Transforming lives of children and young people in care
22 October 2013
An innovative new study has been announced aiming to explore and develop new ways of positively transforming the life chances of children and young people in care in Wales over the next 10 years.
Commissioned by the Big Lottery Fund, the study could also pave the way for a new £5 million investment which could dramatically improve the outcomes of children in care in Wales.
The latest figures show that there are nearly 6,000 children in care in Wales, an increase of 20% over the last five years.
Researchers from the Cardiff University School of Social Sciences will work in partnership with Swansea University and Children in Wales to deliver the project, working with a range of stakeholders including currently looked after and former looked after children and young people.
Dr Sally Holland, Reader at the School of Social Sciences, will lead a team of post-doctoral researchers in an evidence review which will analyse the most promising interventions to improve the life chances of looked after children.
Dr Holland said: "I welcome the opportunity to play a part in this important initiative and applaud the Big Lottery Fund's emphasis on evidence-based interventions. We will be working closely with care-experienced young people, service providers and policy makers to evaluate the evidence about the interventions and projects that have a good potential to bring about real change."
The latest research indicates that children in care are more likely than the average child to have poor outcomes including poor educational achievement, an increased likelihood of having mental health problems and of becoming involved in crime and substance misuse and of becoming unemployed or homeless.
A high proportion of the prison population has also experienced or been through the care system. Despite these grim statistics, some looked after children do very well and this project will play a part in ensuring that all looked after children in Wales have vital support to overcome the challenges that life has presented to them.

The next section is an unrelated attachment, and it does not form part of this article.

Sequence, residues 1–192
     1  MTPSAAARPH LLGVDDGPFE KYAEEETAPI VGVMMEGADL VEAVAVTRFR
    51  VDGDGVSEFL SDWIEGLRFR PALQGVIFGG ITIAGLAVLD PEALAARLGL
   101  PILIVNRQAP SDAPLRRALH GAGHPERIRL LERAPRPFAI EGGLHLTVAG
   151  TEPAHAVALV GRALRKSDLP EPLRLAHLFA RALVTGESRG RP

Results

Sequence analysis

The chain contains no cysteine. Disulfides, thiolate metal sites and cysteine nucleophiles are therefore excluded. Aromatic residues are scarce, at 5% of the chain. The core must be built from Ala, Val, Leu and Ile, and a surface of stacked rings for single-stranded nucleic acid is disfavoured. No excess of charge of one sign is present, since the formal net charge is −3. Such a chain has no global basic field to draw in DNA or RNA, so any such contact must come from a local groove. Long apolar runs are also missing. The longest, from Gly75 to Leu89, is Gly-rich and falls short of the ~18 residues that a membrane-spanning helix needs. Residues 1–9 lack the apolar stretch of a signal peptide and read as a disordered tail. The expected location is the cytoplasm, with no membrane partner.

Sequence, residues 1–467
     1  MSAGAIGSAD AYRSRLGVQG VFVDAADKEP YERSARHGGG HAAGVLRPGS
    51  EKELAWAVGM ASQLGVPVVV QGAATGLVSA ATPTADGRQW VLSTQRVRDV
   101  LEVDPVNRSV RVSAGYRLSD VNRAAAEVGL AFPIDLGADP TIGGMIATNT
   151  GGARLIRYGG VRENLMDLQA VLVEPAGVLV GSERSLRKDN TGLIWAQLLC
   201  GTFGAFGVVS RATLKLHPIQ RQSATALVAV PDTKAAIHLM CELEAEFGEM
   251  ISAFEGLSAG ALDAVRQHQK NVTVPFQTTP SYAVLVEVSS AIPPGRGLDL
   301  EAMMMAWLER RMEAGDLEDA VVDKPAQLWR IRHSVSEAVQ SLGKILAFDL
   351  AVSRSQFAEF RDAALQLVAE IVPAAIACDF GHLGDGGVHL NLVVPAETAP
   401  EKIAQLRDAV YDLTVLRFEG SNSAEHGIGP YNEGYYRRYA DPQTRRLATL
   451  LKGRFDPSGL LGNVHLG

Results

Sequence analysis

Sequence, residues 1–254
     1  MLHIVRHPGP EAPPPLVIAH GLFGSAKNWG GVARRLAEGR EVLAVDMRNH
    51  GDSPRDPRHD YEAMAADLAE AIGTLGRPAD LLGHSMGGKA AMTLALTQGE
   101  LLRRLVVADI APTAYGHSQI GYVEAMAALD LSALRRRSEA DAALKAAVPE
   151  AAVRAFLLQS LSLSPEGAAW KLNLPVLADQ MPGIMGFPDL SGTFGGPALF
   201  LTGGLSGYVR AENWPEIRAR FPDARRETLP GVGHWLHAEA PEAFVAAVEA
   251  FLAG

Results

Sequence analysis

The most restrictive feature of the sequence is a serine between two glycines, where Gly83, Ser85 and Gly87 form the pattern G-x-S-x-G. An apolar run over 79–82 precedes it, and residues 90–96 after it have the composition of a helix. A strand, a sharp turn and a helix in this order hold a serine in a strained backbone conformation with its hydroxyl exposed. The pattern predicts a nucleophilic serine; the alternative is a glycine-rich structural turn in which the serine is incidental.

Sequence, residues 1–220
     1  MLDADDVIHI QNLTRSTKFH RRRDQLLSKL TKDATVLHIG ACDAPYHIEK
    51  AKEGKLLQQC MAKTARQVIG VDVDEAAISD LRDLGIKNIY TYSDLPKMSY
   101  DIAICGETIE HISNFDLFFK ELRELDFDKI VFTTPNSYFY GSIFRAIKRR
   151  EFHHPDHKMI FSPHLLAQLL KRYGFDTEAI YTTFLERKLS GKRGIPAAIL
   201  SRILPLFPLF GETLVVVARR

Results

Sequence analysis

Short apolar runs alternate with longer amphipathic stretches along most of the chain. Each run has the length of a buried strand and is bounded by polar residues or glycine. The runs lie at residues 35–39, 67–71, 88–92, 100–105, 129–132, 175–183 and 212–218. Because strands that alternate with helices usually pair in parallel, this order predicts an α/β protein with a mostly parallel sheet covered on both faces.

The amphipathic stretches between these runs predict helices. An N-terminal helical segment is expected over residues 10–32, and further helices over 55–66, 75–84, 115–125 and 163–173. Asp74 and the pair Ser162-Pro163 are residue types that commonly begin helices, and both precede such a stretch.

Highlighting the importance of the study and its potential to have a lasting impact on the lives of children and young people in care in Wales, Big Lottery Fund Wales Chair, Sir Adrian Webb, said: "This is an important study and we want to make sure that we take on board existing learning whilst building on good practices and embracing innovation where it is based on sound evidence.
"Children and young people in care are an especially vulnerable group as they often experience multiple and complex transitions. For example, they may change foster carers or care home frequently, particularly if they have complex emotional and psychological needs that are not being addressed properly."
He added: "This is a golden opportunity for organisations out there on the ground to work together to tackle this issue. They have a real opportunity here to potentially make a real positive difference to the lives of children and young people in care in Wales."
Children and young people in care - The Facts for Wales:
- In the year ending 31 March 2013, 5,743 children were classified as 'looked after' in Wales, an increase of 0.3% over the previous year and a 24% increase over the previous five years. The majority (4,440) were in foster care placements and 10% of children had three or more placements during the year.
- The most common reason (60%) for children to enter care in 2012 was neglect or abuse.
- Whilst overall educational attainments improved over the previous year, only 9% of care leavers aged 16 or over obtained 5 or more GCSEs at grade A* to C. 1*
- The local authority areas with the highest number of looked after children are Swansea (588), Rhondda Cynon Taf (621), Cardiff (557) and Neath Port Talbot (492). Lowest numbers are in Isle of Anglesey (80), Monmouthshire (75) and Ceredigion (75).
- In 2009/10, looked after children counselled by ChildLine across the UK were five times more likely than children counselled by Childline overall to discuss running away and were twice as likely to discuss self-harm. 2*